We said in Simpson v. Central Vermont Railway Co., 95 Vt. 388, 393, 115 A 299, that one presumption may be met or even overcome by another presumption, and when opposing presumptions arise from the evidence the question is one of fact, and goes to the jury. That case was decided when our rule was that presumptions had the force of evidence. That rule is contrary to Tyrell v. Prudential Ins. Co. of America, supra, and is no longer in force. Since under the rule adopted in the latter case the sole effect of a presumption is to fix the burden of producing evidence, it is a necessary corollary that conflicting presumptions are legal impossibilities, because the burden of producing evidence as to the same issue cannot be put upon both parties at the same time. The establishment of the basic fact of a presumption will discharge the burden created by the previous establishment of the basic fact of an inconsistent presumption, and will itself create no burden, and, in such case, the existence or non-existence of the presumed fact must be determined exactly as if no presumption had ever been applicable. Thayer's Preliminary Treatise on Evidence 343-350; Wigmore on Evidence, Sec. 2493; Some Observations Concerning Presumptions by Edmund M. Morgan, 44 Harvard Law Rev. 906, 916, 917; Model Code of Evidence of the American Law Institute Rule 704 (2) and Comment b. thereon.
If from the facts found the law requires a deduction that when plaintiff's overseer sent the notice of July 17, 1939, he had information upon which it was his duty to render assistance to Stevens, it also requires a deduction that when the sheriff notified defendant's overseer on or shortly after July 12, 1939, plaintiff's overseer was under no such duty. It follows that unless something could have happened after the sheriff sent his notice and before plaintiff's overseer sent his notice, a period not in excess of 5 days, which could have made it the duty of that overseer to render assistance, then the existence of the presumed fact, the duty to render assistance, is to be determined exactly as if no presumption had ever been applicable. The facts found rebut any such happening. During the whole intervening period Stevens was a hospital patient for necessary care and treatment, for the expense of which the defendant town, not the plaintiff city, was liable under the notice from the sheriff.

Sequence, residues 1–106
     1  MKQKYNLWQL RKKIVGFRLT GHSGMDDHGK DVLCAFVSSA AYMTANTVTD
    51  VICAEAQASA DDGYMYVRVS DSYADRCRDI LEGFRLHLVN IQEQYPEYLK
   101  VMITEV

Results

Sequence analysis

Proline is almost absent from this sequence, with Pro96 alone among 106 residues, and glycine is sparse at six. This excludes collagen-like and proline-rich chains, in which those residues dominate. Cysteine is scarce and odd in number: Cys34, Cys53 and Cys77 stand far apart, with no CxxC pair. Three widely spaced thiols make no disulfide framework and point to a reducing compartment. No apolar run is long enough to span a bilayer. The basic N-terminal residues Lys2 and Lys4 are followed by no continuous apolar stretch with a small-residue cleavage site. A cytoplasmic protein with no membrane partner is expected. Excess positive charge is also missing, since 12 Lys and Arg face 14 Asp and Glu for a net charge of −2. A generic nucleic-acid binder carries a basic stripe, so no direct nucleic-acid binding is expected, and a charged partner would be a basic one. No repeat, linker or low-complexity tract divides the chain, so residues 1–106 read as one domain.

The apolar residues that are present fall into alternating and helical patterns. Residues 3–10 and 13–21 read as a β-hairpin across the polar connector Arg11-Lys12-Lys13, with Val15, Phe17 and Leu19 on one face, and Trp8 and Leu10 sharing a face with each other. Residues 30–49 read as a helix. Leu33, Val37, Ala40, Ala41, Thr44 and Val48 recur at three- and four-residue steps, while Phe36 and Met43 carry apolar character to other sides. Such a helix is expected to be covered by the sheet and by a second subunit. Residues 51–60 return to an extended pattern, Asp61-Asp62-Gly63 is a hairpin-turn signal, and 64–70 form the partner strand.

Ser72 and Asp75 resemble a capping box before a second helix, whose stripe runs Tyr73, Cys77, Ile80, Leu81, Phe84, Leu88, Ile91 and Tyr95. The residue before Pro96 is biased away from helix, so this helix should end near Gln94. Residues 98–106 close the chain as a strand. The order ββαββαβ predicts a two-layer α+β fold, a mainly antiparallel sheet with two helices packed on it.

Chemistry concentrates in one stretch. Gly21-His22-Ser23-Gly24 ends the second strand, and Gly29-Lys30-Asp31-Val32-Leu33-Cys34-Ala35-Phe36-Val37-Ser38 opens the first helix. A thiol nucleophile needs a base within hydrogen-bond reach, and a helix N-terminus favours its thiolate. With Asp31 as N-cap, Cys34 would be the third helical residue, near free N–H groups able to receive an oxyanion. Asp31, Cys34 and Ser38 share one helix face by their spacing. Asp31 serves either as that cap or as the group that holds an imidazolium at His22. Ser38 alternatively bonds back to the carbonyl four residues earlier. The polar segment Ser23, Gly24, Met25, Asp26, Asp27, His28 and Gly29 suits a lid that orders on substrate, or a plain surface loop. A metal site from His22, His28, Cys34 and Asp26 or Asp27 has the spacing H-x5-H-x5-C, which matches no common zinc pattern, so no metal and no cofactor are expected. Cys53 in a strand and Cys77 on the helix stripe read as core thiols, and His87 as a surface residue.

The result is that the plaintiff has failed to prove that the notice of July 17, 1939, was a valid notice. Although the defendant has failed to save an exception to the findings that entitles it to show what the fact is, it may be of interest to note that Mr. Grady, plaintiff's overseer, testified that Stevens' condition as being in need of assistance was first called to his attention on October 7, 1939.
Judgment was entered for the entire amount which the plaintiff had expended since October 7, 1939. As the notice of July 17, 1939, was premature judgment should have been entered only for the amount recoverable under the notice of July 17, 1940. The findings do not segregate the items so it is impossible to determine therefrom the amount that can be recovered under the later notice, hence the judgment must be reversed, and the cause remanded for a determination thereof.
Judgment reversed, and cause remanded, with directions that the amount expended by the plaintiff for the care of Herbert Stevens from and after July 17, 1940, and for his burial, be ascertained, and that judgment be entered for that amount with interest. Let the defendant recover its costs in this Court.